I am a beginner and I have been looking all over the internet and books to find an answer to the folowing question (but haven't been able to find the answer): I have observatoinal data and would like ...
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Why do we have a Neyman-Pearson lemma for type one error but not an analogous one for precision and recall of a classifier?

We fix alpha to .05 in statistical testing. We never fix the precision or recall of a test. There's no decision theory lemma that guarantees we can find a decision region with fixed precision or ...
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Confidence inerval for Empirical Type I error simulation alpha = 0.05

I'm doing a Type I error simulation(10,000 times) at alpha = 0.05. I wonder how can I calculate a confidence interval for the simulated restuls? At a 95% confidence interval, I suppose I can use xbar +...
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Is this a multiple comparison problem?

I am planning to conduct an experimental study (2 groups, 1 measure) of which there will be three possible results. Either there will be an increase in the measure between the experimental and control ...
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Relationship between Type 1 error and Type 2 error

Given that Type I error is 0.01, what is the highest value possible for Type II error?
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Testing pre-conditions before testing a hypothesis

I prefer the Bayesian approach to hypothesis testing myself, and when I look at how traditional null hypothesis testing is taught, I see a problem that is never talked about. For example: While ...
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What is a two-sided type 1 error rate?

This is probably a simple question but I was watching an online video about a scientific study. For the study, they mentioned that they used a two-tailed Type 1 error rate of 0.05. I know that a Type ...
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Why the p value of the minimum P value is powerful?

I am reading a genetics paper: A Powerful and Adaptive Association Test for Rare Variants. In this paper, there are several hypothesis tests, $H_1, \dotsc, H_r$, and their corresponding p-values, $p_1,...
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Can all possible pairs of comparison be planned comparisons in ANOVA?

Let's say we have three intervention groups (condition A, condition B, and condition C/control) to be analyzed in ANOVA, and we are theoretically interested in the difference between each pair of all ...
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Controlling false positive rate and false negative rate

My notes define the false positive rate as $$\dfrac{\text{false positives}}{\text{true negatives} + \text{false positives}} = \dfrac{\text{false positives}}{\text{total negatives}}$$ and the false ...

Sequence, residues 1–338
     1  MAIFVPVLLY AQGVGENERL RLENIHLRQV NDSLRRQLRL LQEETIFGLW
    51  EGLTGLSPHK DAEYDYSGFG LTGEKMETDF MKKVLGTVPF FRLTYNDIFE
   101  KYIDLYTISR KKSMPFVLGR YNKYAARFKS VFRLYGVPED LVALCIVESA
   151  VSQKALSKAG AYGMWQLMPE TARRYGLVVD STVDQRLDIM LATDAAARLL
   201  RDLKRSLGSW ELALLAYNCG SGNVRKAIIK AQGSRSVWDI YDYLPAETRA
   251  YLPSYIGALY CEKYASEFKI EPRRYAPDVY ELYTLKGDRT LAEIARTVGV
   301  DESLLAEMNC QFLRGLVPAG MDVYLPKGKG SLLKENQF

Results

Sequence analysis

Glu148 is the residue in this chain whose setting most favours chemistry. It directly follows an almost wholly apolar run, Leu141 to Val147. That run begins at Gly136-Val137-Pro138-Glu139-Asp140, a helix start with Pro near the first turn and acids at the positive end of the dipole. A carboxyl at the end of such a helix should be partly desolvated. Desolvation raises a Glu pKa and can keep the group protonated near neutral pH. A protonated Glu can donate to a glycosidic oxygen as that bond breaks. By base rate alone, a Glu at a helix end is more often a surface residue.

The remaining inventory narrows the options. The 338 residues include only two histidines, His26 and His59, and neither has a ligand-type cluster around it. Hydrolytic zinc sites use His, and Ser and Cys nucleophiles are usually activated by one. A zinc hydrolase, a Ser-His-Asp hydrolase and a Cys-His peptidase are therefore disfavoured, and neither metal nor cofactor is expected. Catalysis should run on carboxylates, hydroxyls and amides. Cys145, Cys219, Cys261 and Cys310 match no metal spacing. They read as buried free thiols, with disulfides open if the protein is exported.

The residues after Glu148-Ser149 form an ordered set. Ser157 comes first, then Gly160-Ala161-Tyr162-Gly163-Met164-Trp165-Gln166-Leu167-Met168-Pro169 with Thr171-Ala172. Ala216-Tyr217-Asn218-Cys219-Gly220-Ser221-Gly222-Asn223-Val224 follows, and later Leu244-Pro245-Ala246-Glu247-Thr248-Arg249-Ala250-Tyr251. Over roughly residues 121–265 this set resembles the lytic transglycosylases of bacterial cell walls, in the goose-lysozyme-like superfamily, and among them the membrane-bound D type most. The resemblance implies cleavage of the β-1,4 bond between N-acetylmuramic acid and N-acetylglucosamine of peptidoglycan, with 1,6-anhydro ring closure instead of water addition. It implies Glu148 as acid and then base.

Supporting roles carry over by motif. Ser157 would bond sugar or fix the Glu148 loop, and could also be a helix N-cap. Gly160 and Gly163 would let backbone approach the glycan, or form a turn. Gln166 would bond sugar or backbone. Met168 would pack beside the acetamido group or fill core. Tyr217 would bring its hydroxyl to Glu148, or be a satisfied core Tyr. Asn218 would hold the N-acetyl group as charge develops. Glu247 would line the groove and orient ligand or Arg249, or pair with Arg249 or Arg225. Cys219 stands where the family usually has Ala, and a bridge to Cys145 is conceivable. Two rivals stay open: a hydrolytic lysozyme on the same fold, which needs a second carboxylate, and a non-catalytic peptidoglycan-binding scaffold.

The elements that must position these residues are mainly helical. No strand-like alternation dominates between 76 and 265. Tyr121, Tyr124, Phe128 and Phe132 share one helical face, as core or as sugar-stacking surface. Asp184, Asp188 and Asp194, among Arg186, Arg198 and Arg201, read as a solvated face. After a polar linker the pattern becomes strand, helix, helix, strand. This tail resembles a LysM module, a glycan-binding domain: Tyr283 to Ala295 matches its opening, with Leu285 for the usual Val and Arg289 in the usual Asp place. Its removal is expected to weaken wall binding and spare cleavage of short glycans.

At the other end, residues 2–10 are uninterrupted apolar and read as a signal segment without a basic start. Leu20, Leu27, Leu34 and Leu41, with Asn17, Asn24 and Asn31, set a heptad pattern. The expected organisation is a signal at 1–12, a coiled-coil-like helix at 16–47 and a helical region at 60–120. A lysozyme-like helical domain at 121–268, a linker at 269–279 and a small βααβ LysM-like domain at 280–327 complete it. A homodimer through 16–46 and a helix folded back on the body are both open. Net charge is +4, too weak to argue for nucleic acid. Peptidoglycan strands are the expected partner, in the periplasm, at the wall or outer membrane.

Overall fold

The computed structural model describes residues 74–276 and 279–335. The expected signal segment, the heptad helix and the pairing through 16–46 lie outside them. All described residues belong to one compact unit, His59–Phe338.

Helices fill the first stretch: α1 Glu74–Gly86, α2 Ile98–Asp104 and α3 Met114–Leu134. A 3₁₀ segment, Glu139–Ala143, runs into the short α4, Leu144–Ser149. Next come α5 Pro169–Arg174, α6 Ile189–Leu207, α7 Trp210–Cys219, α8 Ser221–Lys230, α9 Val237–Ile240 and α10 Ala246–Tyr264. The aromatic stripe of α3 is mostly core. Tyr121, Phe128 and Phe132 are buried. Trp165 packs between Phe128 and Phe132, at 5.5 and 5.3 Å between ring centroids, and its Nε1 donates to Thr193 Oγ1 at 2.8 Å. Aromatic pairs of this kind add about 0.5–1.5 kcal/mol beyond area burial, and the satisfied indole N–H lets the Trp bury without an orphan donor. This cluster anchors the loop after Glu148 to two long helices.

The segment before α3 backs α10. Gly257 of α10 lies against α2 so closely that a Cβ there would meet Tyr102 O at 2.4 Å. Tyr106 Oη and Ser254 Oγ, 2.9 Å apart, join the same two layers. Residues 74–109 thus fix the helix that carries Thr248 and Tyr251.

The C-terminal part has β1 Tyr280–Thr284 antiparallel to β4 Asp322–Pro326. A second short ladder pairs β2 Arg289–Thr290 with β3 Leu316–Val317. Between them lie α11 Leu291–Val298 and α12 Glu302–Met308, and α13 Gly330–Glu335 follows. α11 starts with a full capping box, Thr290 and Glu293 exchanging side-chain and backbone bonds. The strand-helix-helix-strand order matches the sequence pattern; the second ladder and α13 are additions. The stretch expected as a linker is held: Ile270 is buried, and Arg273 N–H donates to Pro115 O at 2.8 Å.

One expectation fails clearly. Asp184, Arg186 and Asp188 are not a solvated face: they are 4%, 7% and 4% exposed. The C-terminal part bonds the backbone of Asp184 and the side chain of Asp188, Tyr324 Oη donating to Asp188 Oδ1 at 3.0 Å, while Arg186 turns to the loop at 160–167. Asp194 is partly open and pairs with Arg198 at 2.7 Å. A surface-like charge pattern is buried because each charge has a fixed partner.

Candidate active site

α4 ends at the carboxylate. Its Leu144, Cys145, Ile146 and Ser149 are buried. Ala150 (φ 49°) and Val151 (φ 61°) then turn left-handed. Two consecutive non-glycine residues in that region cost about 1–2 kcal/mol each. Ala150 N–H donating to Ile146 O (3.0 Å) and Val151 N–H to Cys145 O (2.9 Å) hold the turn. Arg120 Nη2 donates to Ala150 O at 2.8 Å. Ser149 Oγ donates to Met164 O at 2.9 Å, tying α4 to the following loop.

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(Solved) Hypothesis Testing: Probability $\beta$ of Type II Error in Proportions

$\newcommand{\szdp}[1]{\!\left(#1\right)}$ Background Question: A manufacturer claimed that at least $20\%$ of the public preferred his product. A sample of $100$ persons is taken to check his claim. ...
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What is social science and discussion about Type II error preference?

Today, my senior lecturer in economics and finance class teaching about laws impact companies' operation told us one sentence "Also keep in mind that in (at least social) science, we care (try to ...
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Type II error: statistically nonsignificant but can be actually similar

I am analysing a rare disease, meaning that a low sample size is inevitable (n = 50 for one group in my case). And I came to a question described as follows. Could we somehow differentiate the ...
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Can you actually prove if the null hypothesis is true or a type II error has occurred?

Can you actually prove if the null hypothesis is true or a type II error has occurred? I'm new to statistics (sorry in advance!)
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How do I correct for type I error in a mediation when using Hayes' PROCESS in SPSS?

I have performed three mediation analyses using PROCESS in SPSS, each with a different outcome/dependent variable. To prevent a type I error, I would like to perform a correction for this, but seeing ...
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Two sample t test with equal variances hypothesis

Given a trial to test a new drug. There are 20 volunteers with some disease. The volunteers are split into two groups (10 volunteers in each) randomly: the treatment group and the control group. ...
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When does a proxy/substitute variable distinguish between groups as well as the original variable?

I’m trying to determine when a proxy variable can be substituted for a real variable for the purposes of distinguishing two groups. To make this more concrete, suppose I want to determine, generally, ...
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1 vote
1 answer
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Why reversing a continuous measure leads to a non-significant correlation coefficient

Background: I'm analyzing correlation between two behavioural types (boldness and aggression). Boldness values are continuous (range: 2 to 1195) and it's unit of measurement is in seconds (latencies). ...